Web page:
From: Gratefulness, The Heart of Prayer
This book explores ways of coming more fully alive. Self-fulfillment is a value of which we are conscious today. But we sometimes fail to notice that people who live fulfilled lives are surprisingly selfless. At moments when we experience life in fullness, we are, if not selfless, at least self-forgetful. Don’t we all know this from experience?
The fullness for which the human heart longs is always available. But we cannot lay hold of it. We cannot grasp it. Fullness flows into us in the measure in which we become empty. T. S. Eliot states:
In order to possess what you do not possess
you must go by the way of dispossession.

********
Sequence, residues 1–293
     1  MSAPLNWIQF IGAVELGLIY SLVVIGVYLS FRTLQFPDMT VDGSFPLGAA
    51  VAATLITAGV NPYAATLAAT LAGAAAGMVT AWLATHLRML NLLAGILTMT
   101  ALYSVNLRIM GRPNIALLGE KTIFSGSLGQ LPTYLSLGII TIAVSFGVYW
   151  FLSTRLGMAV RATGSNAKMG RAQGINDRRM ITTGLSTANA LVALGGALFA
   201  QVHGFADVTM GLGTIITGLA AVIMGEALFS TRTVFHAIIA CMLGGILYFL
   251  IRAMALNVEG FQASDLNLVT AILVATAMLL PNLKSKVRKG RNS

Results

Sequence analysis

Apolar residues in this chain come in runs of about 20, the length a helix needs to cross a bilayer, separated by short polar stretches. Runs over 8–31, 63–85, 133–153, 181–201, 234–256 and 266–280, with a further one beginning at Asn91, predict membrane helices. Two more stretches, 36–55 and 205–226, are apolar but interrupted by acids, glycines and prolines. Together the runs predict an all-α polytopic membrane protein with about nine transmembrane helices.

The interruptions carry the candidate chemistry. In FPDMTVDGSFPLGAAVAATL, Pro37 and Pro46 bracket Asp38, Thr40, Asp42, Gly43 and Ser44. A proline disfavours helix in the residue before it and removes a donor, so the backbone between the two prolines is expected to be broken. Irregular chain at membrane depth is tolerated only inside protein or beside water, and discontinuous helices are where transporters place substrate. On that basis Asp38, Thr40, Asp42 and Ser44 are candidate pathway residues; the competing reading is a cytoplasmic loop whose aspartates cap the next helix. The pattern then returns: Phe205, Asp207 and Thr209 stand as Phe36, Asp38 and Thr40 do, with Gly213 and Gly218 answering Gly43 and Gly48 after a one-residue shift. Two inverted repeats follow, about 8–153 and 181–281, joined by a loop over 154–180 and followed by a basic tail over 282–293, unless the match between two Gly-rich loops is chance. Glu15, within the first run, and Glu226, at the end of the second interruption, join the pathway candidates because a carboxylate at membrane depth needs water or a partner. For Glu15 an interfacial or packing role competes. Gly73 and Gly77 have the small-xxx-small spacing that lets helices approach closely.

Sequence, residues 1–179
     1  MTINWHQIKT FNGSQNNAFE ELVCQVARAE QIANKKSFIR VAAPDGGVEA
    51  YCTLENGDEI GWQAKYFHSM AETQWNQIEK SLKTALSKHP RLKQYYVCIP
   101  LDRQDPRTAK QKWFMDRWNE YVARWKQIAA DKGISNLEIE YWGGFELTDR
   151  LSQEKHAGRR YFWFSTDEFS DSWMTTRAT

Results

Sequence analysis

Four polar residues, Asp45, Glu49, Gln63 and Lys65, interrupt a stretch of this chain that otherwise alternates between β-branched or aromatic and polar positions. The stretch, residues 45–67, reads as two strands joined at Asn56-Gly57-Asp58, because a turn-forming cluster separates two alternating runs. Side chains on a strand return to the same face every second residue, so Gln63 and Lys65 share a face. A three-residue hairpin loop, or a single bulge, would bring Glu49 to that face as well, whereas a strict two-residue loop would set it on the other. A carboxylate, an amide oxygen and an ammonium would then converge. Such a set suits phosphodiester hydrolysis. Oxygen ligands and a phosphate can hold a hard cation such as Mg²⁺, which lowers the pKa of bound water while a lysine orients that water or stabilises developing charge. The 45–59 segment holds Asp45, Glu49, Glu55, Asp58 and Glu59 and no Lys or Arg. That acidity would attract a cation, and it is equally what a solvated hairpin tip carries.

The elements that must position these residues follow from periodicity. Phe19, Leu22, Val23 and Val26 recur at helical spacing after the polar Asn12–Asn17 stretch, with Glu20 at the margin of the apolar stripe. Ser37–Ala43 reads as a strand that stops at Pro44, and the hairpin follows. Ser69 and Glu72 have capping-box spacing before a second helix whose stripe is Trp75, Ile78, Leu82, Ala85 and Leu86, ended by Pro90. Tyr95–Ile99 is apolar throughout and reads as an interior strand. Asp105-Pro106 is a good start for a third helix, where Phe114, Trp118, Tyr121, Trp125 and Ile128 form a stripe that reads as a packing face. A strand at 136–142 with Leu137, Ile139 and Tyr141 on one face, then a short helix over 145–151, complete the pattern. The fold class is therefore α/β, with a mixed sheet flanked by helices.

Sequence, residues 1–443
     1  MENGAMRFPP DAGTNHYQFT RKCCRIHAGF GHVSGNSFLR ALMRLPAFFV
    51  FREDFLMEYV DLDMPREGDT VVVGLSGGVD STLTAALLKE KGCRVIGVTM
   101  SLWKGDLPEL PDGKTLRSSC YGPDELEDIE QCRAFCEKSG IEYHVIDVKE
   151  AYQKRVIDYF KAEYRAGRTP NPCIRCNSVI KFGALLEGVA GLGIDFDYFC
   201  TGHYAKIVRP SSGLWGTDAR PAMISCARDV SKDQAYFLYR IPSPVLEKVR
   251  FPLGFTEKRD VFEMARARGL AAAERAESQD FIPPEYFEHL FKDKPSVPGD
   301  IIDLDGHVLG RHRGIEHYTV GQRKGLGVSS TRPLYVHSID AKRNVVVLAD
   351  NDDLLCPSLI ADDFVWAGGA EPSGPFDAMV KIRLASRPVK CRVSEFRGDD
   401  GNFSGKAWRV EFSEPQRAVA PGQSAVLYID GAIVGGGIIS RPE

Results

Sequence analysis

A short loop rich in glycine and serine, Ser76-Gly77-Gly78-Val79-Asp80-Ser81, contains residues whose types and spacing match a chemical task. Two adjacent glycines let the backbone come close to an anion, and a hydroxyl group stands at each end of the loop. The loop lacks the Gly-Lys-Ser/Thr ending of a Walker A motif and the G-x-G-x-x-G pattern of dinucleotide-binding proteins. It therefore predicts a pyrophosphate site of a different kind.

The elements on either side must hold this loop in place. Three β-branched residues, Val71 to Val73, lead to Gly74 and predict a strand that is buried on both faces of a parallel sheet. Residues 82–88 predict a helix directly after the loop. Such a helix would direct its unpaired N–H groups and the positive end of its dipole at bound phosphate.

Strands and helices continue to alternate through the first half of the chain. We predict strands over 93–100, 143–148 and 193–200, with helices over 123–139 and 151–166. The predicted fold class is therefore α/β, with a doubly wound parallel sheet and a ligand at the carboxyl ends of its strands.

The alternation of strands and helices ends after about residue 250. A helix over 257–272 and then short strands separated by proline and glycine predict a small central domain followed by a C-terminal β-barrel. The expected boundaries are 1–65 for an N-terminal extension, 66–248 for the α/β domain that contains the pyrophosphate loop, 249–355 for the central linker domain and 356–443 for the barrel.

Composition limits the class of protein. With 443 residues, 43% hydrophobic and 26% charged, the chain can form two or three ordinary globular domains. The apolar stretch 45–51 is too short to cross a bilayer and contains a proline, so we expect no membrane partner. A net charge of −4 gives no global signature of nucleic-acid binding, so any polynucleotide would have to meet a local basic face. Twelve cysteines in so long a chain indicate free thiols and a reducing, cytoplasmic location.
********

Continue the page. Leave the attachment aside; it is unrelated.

In order to arrive at what you are not
you must go through the way in which you are not.
The preceding chapters speak of gratefulness, faithfulness, prayerfulness, and other aspects of life in fullness. But for fullness in all its forms, emptiness is the necessary condition. With this in mind, I have collected in this final chapter some key words and commented on them briefly. The list is designed to aid the memory of those who have read this book. But here and there it may go further and point beyond any fullness words can convey to an emptiness one can only savor in silence.
The fact that you are not yet dead is not sufficient proof that you are alive. It takes more than that. It takes courage – above all, the courage to face death. Only one who is alive can die. Aliveness is measured by the ability to die. One who is fully alive is fully able to die. In peak moments of aliveness we are reconciled with death. Deep down within us something tells us that we would die the moment our life reached fulfillment. It is fear of death that prevents us from coming fully alive.